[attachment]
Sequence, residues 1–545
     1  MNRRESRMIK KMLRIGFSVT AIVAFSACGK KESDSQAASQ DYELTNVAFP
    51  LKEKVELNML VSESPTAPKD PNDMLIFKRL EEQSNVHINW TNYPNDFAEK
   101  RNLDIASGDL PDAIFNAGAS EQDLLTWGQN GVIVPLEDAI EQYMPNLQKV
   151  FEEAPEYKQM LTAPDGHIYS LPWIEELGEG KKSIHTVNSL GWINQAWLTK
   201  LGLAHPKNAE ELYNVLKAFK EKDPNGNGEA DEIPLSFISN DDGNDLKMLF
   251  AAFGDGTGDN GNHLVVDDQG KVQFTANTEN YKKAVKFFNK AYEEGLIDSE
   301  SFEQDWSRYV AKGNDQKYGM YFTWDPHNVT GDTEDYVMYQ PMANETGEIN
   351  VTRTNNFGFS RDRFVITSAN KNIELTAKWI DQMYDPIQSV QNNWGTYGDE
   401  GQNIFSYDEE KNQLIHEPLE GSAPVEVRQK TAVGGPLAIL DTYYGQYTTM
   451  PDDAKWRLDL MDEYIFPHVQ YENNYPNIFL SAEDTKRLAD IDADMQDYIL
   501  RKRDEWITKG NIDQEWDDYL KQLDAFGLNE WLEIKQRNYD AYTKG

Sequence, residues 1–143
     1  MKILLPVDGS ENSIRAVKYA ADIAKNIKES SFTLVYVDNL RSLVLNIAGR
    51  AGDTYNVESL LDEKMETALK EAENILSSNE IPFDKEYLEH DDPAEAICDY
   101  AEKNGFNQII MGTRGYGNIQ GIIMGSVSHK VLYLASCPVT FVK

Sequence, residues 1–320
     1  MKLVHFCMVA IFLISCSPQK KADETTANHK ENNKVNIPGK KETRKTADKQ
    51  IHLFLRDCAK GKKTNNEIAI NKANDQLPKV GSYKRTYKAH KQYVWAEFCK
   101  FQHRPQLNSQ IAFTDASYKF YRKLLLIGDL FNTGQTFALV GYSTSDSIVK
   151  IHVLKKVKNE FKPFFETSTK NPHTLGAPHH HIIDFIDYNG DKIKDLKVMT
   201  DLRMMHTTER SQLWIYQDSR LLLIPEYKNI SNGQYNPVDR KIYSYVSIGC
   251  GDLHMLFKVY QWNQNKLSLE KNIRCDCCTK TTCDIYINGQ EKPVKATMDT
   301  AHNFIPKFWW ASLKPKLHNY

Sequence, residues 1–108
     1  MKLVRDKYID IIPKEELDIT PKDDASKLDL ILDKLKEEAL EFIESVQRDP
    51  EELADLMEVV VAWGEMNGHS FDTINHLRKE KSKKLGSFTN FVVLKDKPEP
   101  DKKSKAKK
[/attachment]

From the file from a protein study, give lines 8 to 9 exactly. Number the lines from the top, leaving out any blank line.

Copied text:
   301  SFEQDWSRYV AKGNDQKYGM YFTWDPHNVT GDTEDYVMYQ PMANETGEIN
   351  VTRTNNFGFS RDRFVITSAN KNIELTAKWI DQMYDPIQSV QNNWGTYGDE